Grab yours from Guitar Center:
SE Custom 24 and Custom 24 “Lefty”
Beloved by world-class touring artists, local gig performers, and budding guitarists alike, the SE Custom 24 boasts a stunning maple top alongside a mahogany body, a slim-profile maple neck, and a rosewood fingerboard adorned with the iconic bird inlays.
The PRS-patented molded tremolo further enhances the guitar’s appeal.
Delivering a wide range of tonal possibilities, the 85/15 “S” pickups work harmoniously with a volume control, push/pull tone knob, and a 3-way blade pickup selector to create a truly versatile instrument.
On the other hand, SE Custom 24 Lefty delivers the quintessential PRS experience, along with exceptional playability and vibrant sound, specifically tailored for left-handed guitarists.
Equipped for both live performances and recording sessions, this model maintains the essential specifications that make the SE Custom 24.
If you want to own either the Custom 24 or Custom 24 “Lefty”, get yours here:
SE Custom 24 “Floyd”
The PRS Core Line’s SE Custom 24 “Floyd” marries the iconic Floyd Rose bridge with PRS’s most renowned model, the Custom 24.
Featuring the dependable Floyd Rose 1000 Series Tremolo, this combination offers guitarists an exciting range of phrasing possibilities and the assurance that executing fluttering techniques or audacious dive bombs won’t result in detuning.
You’ll find Floyd from Guitar Center:
SE Custom 24-08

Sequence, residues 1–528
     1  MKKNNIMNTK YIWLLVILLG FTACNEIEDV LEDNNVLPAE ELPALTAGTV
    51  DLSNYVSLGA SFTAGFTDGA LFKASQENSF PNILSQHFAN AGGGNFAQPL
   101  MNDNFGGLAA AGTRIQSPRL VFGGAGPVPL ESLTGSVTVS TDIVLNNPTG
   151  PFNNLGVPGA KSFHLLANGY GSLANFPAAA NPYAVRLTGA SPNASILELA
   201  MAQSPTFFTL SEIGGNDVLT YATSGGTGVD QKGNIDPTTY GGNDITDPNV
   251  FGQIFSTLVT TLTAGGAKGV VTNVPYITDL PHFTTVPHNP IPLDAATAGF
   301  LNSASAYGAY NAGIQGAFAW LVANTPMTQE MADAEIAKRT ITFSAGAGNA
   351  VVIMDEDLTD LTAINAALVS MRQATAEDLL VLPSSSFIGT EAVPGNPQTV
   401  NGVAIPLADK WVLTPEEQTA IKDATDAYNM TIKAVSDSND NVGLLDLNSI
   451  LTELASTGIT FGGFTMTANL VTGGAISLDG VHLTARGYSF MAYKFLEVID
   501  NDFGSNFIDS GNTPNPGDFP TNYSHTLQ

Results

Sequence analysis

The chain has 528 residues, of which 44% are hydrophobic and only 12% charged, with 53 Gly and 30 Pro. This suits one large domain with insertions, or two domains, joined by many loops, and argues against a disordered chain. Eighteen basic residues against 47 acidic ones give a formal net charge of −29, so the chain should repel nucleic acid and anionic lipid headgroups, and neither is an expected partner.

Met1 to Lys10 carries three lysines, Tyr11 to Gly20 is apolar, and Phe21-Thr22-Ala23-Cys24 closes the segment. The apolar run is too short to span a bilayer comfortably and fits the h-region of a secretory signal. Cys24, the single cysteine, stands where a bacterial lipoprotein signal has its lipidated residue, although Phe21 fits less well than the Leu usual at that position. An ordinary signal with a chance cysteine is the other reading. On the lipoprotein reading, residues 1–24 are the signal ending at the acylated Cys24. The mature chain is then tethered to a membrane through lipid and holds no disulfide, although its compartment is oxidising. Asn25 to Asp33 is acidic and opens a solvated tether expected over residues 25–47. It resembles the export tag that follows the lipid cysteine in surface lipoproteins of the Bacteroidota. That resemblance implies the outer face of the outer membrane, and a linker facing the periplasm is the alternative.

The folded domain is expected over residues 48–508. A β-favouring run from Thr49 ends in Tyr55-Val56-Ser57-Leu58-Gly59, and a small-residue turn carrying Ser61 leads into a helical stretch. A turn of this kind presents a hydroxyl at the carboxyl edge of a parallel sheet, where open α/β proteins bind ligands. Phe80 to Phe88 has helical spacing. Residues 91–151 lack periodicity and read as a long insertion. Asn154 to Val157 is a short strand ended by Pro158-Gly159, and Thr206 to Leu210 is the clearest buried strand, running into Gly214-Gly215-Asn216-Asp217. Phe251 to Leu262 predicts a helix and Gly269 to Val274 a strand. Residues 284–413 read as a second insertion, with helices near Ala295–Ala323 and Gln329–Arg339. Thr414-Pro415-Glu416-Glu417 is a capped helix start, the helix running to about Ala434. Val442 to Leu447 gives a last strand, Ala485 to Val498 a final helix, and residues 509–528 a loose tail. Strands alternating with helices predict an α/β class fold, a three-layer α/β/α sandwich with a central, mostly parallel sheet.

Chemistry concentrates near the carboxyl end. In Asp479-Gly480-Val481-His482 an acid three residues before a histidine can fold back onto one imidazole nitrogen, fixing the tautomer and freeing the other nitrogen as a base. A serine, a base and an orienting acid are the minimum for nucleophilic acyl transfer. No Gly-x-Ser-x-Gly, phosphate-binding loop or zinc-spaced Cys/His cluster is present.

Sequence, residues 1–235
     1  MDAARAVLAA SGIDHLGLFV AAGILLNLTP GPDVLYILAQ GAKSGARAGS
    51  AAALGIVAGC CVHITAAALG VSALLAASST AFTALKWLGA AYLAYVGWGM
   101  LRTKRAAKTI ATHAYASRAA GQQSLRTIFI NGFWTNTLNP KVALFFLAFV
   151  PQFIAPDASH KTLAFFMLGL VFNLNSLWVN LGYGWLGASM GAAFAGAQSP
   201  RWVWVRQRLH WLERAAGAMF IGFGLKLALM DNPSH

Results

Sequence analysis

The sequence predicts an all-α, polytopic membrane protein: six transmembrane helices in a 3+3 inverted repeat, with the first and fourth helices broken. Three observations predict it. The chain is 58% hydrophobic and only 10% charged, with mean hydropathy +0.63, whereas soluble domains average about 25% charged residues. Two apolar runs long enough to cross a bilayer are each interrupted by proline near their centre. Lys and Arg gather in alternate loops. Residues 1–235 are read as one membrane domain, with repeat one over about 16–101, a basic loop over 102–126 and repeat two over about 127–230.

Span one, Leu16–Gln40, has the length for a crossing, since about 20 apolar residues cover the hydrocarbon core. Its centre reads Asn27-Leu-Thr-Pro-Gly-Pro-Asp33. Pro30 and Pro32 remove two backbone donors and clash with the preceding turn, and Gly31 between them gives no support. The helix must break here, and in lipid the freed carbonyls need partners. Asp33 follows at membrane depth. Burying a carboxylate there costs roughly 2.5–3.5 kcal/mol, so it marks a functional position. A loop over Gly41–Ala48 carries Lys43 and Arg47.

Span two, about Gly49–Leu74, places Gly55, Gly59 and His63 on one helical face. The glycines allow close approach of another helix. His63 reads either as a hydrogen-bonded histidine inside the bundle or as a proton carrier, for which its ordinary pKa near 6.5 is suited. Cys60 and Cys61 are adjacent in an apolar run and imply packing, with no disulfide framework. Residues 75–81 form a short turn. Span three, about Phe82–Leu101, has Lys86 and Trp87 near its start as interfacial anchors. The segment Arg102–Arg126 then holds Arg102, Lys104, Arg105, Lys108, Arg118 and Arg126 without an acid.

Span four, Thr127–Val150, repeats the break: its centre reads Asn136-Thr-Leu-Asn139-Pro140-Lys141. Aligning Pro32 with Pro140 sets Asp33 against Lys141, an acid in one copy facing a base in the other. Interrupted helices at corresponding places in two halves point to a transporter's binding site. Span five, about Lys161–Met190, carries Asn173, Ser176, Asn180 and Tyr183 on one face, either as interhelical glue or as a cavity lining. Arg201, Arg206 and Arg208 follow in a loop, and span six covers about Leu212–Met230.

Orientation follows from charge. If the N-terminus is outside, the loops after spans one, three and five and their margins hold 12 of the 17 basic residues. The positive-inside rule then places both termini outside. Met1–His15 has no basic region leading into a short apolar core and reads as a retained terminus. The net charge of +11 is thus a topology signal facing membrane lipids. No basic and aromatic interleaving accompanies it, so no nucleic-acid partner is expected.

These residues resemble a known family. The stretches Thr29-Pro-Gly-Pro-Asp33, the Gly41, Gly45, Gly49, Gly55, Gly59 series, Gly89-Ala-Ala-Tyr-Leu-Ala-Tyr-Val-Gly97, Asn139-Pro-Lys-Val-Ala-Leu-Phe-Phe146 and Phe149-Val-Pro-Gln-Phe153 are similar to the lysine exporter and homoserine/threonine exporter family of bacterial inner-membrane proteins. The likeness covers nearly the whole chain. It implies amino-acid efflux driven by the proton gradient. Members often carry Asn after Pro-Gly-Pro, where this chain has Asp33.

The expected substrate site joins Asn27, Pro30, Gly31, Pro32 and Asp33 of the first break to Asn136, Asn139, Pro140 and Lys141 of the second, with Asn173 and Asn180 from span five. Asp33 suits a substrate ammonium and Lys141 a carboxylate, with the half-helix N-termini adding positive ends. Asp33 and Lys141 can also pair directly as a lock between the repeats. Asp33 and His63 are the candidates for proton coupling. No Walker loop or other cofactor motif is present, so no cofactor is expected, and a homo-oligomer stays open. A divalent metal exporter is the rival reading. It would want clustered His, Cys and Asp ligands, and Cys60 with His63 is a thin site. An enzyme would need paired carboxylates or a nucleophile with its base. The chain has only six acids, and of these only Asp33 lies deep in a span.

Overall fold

The SE Custom 24-08 ingeniously melds the features of SE and PRS Core Line guitars, providing an impressive array of tonal possibilities.
This model is equipped with a pair of mini-toggle coil-split switches, allowing you to individually split each humbucker, converting them into authentic single coils.
Thanks to this flexible configuration, you’ll have access to eight unique pickup combinations, making it an ideal choice for musicians who desire a vast spectrum of tones.
The SE Hollowbody goes another step higher in terms of features and design.
These are inspired by Gibson’s semi-hollow guitars.
The Hollowbody Series are as follows:
- SE Hollowbody Standard
- SE Hollowbody Standard Piezo
- SE Hollowbody II
- SE Hollowbody II Piezo
This series has a mahogany neck.
The ones with Piezo pickup provide both acoustic and electric tones in one instrument.
They all come with two 58/15 S humbuckers and PRS’ stoptail bridge.
You’ll find this Hollowbody II and Hollowbody II Piezo models on Guitar Center. Check them out here:
I’d also mention the SE Signature series.